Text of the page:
On Sunday Jen was itching to get out and walk around. It was another beautiful day (highs in the mid 70s and sunny), but we were planning on dinner with the family so we didn’t go far in the afternoon. We headed to the western edge of West Philly, starting not too far off
We spent a few minutes poking around and flipping logs and trash. I had noted some likely boards a few chilly months ago, but they didn’t produce much besides worms and ants. Jen spotted another dumped pile of boards, and I waded into the grass to flip the biggest one.
It produced this big female garter snake (Thamnophis sirtalis). At first she flattened out impressively, doing her best to look like a pit viper, but then she calmed down so we could see she was still a really hefty, solid snake.
We found what could have been her sister up in the
was a little smaller, but also a really healthy, thick snake that was fun to handle, even though she musked and pooped all over me. I’ll note she’s the first garter snake I’ve found in that cemetery – something that’s often struck me as a little strange. It’s nice to have the urban herpetefaunal cast back in balance again.
The regulars were there too. We dug through one of our favorite piles of trash there and came up with a few redback salamanders (Plethodon cinereus) and this cute little brown snake (Storeria dekayi) that must be a baby from last year – proof that the snakes have made their way from the hibernacula into the rest of the cemetery. In a few more weeks I hope to start turning up lots of gravid females.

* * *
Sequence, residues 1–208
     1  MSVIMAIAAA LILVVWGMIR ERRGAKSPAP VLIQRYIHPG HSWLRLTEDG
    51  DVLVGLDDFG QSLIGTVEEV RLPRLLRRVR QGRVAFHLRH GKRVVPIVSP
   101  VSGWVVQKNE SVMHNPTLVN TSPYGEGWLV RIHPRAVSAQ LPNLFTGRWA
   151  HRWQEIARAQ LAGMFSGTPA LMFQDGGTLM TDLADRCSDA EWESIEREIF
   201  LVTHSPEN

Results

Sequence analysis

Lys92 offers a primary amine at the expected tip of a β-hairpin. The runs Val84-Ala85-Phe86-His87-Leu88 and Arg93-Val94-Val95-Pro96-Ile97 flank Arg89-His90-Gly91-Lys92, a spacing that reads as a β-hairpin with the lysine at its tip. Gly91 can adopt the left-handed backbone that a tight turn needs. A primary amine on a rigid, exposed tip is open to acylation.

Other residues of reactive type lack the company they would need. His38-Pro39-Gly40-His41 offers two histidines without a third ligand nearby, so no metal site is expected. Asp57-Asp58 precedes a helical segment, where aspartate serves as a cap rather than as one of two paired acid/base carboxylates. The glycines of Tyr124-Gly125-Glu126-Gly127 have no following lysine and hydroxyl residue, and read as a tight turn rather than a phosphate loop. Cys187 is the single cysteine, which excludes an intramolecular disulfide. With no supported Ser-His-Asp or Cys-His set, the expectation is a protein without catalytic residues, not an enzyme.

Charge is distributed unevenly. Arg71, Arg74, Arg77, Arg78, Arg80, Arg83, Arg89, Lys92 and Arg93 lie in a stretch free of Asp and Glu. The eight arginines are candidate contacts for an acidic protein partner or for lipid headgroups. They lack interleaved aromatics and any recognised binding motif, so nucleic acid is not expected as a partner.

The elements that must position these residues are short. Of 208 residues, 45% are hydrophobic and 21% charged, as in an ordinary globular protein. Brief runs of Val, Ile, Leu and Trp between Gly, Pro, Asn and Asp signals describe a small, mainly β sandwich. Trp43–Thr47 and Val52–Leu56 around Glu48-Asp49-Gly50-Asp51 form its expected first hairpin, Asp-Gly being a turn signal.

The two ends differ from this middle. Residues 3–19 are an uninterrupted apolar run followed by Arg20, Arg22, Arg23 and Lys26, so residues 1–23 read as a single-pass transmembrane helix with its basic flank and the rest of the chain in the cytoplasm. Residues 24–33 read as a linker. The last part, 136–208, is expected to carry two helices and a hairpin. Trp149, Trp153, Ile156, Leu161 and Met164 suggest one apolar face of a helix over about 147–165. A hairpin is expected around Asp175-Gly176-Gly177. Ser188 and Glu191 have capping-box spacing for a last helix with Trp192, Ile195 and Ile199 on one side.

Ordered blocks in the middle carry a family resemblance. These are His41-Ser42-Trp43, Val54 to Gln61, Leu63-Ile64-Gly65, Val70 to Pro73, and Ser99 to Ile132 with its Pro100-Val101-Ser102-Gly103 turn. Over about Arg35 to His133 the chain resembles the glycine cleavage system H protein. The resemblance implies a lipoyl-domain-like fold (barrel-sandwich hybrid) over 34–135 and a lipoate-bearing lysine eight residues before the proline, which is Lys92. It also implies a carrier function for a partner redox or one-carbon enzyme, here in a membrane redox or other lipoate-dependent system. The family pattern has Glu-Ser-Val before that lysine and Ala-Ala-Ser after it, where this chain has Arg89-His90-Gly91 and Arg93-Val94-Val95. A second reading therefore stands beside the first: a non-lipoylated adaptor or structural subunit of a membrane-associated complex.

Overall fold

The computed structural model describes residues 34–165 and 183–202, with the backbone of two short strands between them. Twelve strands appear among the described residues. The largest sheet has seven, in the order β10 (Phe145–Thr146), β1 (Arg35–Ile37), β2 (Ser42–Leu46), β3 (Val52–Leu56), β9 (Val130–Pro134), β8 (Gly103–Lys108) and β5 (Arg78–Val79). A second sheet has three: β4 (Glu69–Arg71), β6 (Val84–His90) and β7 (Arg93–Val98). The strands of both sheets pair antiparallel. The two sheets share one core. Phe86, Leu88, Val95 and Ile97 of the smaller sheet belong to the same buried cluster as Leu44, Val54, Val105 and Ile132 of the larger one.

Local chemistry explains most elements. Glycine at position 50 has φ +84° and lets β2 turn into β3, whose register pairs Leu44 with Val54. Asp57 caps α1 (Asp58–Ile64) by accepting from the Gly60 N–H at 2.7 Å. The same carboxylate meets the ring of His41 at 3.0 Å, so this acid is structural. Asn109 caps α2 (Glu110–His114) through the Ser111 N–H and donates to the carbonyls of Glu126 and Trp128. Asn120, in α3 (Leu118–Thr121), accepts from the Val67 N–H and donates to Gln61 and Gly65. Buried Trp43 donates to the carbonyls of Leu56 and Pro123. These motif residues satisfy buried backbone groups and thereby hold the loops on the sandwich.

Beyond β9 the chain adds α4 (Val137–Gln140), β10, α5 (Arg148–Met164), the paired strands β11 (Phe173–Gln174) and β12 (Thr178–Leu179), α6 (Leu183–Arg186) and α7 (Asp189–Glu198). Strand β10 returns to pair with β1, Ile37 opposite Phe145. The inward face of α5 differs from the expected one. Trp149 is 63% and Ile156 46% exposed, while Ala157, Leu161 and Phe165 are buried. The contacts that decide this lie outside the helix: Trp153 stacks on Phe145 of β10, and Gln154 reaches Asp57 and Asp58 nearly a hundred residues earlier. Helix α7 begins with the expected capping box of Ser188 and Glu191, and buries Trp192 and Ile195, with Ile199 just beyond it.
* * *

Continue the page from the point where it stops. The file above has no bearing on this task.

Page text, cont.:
Our last stop was closer to the
On Monday I managed to get Simon (sucker!) to come looking for milk snakes (Lampropeltis triangulum) with me in the Wissahickon section of
We didn’t find any milk snakes, but we turned up the obligatory redback salamanders (about four), and had our best luck in a wet field off
Simon turned up this cute American toad (Bufo americanus) that chirped to let it down and then peed on him.
I turned up two kinds of very squirmy salamanders under one rock: two-lined (on the left, Eurycea bislineata) and long-tailed (on the right, Eurycea longicaudata). Now at first I thought I was finding two-lines at that spot, and then last fall I found some long-tails and figured I must have been finding them the whole time and had just not been looking closely enough (Two-lines are really common and scatter fast once uncovered, so sometimes I don’t bother to chase them down. They can look a lot like young long-tails, as the photo shows). Now I know I was finding both. The next challenge will be to uncover an adult longtail. These are about twice as long as the one on Simon's finger and really colorful, impressive salamanders. They can't be too far, but they might be hanging out under cover too big for me to lift.
Last we found a ringneck snake (Diadophis punctatus) I found about a month ago. I said to Simon, “there was a ringneck snake under this piece of concrete,” and when I picked up the concrete, there it was. Here's a pic from last month.
We wrapped up our trip doing something I should have done a while ago, asking people about milk snakes. If you want to know if a species is present in an area, asking people who live or work there is a good way to start. I’ve always been shy about knocking on doors and asking what snakes people see in their back yards, but I need to get in the habit. This time we asked some
I might look around a little more, maybe around the